After almost a decade of living in this beauty of a place we have decided to leave. What better time to write a post about Seattle than now?
When I think of Seattle I think of water and nature. All around. Everywhere you look. This city nested between lakes and the ocean is a real beauty and it’s worth a visit. Specifically, in the summer, when the sun shines 12+ hr a day, the weather is warm enough to make you want to jump in the almost-never-warm-enough waters, and everyone is out and about.
Growing up in Venezuela the weather was never something we paid attention to, a topic almost never discussed in any circumstance. I was born and raised in Caracas, the capital of Venezuela, and there, although it’s hard to believe, the temperature is around 75F every single day of the year. You never have to think too hard about what you are going to wear, or look at your weather app, you just know it’s going to be sunny and pleasant. Of course it rains, but it’s fast and furious, and also warm, so no one cares. In fact, it’s lovely and refreshing.
Not surprisingly, I never truly realized or really appreciated this magical aspect of my city until I left it. First to Texas, where the summer heat and humidity, and the intense and unpredictable nature of the weather was utterly shocking. Then to Seattle, where I first spent a summer thinking I had found paradise and then the winter came along and slapped me in the face. Never in my life have I spent more minutes of the day talking about the weather than in Seattle. Seattleites are absolutely and utterly obsessed with the weather. And who can blame them? It really does rain a lot. But more than that, the darkness is what gets to me. During the winter you wake up and it’s dark, you finish work and it’s dark. So much so that “happy lights” are a thing here, something I didn’t even know existed until a coworker who apparently recognized early signs of depression in me recommended I get one during my early years in Seattle. You know you leave in a place with shit weather when you need a light to make you happy. But I digress…
So, for 9 long months, we wait for the summer, because indeed they are glorious, and because having spent that long hiding under covers you better believe we are going to squeeze the shit out the three months of sunshine we get. The moment summer appears to have arrived (which if we are being honest with ourselves we know it’s a fluke and it hasn’t yet but still) we put shorts on and go outside without a rain jacket. Forget about the fact that it’s only 60F.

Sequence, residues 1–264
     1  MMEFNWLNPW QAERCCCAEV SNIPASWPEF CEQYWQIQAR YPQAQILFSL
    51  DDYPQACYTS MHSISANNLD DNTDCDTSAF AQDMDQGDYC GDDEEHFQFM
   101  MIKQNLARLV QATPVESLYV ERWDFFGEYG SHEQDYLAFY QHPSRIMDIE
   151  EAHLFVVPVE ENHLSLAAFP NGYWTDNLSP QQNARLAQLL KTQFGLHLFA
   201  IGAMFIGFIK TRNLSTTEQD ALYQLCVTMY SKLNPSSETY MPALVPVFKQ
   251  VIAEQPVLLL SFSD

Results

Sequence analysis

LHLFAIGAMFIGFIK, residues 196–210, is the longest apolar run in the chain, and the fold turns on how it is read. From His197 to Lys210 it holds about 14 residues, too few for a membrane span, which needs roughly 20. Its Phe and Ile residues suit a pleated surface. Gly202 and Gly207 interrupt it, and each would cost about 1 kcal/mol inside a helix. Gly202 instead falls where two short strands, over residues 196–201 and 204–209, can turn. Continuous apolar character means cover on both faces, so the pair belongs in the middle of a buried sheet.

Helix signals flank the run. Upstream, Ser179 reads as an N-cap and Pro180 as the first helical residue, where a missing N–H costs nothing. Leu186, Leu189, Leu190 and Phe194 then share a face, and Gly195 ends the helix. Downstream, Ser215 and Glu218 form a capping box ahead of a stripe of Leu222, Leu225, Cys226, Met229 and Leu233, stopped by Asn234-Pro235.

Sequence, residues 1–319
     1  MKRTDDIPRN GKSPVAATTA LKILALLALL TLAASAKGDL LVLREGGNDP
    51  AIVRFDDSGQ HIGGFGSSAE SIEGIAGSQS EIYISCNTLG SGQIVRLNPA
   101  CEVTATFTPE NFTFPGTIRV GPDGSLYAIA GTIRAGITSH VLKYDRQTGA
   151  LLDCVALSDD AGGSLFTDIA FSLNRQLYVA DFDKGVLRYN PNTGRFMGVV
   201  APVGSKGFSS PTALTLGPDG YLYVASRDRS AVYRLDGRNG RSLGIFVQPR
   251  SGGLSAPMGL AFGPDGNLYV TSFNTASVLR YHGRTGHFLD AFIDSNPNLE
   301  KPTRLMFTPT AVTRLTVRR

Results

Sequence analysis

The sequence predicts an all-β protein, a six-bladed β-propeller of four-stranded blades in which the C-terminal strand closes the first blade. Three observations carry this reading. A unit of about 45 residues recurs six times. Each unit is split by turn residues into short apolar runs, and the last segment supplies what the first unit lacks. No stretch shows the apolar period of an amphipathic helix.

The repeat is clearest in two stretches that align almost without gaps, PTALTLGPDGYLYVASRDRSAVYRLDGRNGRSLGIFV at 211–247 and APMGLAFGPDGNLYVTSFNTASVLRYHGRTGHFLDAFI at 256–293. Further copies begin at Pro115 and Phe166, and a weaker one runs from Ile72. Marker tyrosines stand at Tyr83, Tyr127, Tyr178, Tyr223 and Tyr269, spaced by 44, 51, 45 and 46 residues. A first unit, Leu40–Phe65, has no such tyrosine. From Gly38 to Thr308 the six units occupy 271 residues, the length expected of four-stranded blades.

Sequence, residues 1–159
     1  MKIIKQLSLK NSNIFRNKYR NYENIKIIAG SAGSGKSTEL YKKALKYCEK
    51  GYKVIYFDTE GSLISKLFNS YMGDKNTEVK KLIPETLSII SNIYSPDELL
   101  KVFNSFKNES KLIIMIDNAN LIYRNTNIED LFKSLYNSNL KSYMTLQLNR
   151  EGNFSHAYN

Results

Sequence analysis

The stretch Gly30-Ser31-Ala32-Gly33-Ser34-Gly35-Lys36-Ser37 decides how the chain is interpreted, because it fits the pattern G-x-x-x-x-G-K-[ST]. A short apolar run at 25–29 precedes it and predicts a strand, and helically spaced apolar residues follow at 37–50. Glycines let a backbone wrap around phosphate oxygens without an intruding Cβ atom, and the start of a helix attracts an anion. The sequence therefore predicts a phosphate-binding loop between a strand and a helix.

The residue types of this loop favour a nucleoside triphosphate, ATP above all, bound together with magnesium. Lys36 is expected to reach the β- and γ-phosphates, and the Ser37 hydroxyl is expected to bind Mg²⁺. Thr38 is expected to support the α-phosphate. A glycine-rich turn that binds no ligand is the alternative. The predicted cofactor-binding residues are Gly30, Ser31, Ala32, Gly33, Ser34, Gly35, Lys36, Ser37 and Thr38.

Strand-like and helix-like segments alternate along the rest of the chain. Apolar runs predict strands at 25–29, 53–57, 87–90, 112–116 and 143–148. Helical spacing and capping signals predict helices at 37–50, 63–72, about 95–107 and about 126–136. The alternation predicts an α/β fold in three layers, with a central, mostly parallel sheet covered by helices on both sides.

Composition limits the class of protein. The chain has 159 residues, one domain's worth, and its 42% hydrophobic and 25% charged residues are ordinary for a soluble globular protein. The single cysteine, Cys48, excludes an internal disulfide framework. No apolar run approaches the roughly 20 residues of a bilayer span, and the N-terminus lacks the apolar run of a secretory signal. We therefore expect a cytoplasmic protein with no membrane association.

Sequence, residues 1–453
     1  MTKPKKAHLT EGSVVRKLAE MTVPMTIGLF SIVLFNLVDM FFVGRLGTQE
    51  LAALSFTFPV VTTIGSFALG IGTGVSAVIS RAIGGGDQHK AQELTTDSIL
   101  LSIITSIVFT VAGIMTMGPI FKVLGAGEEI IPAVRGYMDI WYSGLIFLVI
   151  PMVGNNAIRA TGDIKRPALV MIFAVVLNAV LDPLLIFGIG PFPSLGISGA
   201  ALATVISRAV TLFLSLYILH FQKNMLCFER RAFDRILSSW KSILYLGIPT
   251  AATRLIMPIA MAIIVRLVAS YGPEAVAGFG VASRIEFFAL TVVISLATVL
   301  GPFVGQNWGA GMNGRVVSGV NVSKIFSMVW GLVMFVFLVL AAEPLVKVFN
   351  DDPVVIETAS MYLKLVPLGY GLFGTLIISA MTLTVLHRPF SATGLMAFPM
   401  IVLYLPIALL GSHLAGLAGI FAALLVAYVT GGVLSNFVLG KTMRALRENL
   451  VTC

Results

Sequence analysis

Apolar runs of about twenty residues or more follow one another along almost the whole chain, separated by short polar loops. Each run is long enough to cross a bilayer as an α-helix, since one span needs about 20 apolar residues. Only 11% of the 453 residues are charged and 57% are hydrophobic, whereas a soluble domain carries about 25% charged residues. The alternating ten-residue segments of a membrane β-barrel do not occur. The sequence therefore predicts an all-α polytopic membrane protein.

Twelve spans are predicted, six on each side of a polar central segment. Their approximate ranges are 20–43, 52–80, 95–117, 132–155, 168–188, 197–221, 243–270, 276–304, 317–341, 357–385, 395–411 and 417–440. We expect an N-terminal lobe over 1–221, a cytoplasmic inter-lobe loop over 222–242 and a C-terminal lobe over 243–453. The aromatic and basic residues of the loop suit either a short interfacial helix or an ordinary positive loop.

No, but really, summers are glorious and this city is a beauty, and you must visit if you haven’t. That rain we all talk about so much? that is also the reason the city is so lush, to a startling degree. The abundance of trees is astonishing, but also their size – how tall and big they are! Everywhere you look you will see green, different shades of green, including an almost fluorescent green that has amazed me for the entire decade I have been here. If you are plant/flower person (here here) do yourself a favor and come to the very aptly named Evergreen State.
And then there are the mountains, the many mountain ranges and volcanos souring through the clouds. There are infinite hiking opportunities in the summer that then turn into skiing runs in the winter. And we can’t forget about Mt. Rainier, the majestic volcano visible from all parts of the city, which after all these years still takes my breath away every time I see it.
In summary, come to Seattle, you won’t be disappointed. Even this year, there’s still time to catch the sun up here and the fall in the city is a beauty. I know getting on a plane is not looking very appealing right now, but maybe a roadtrip could work. Many of the things I recommend below are still open, certainly most of the outside ones :). And if not in 2020, save these tips and come some other time!
Below are the top 20 things to do when you come visit!
- Go kayaking in Lake Union
- Right in the middle of the city you will find a calm lake with gorgeous views of the Seattle skyline. Rent a kayak or paddle from Northwest Outdoor Center, admire the views, and check out all the floating houses! If you are not into kayaking you can also rent a boat to take around the lake, or even go around it in a hot tub boat!
- Check out the best view of the water and the city from the highest building in Seattle, the Columbia Tower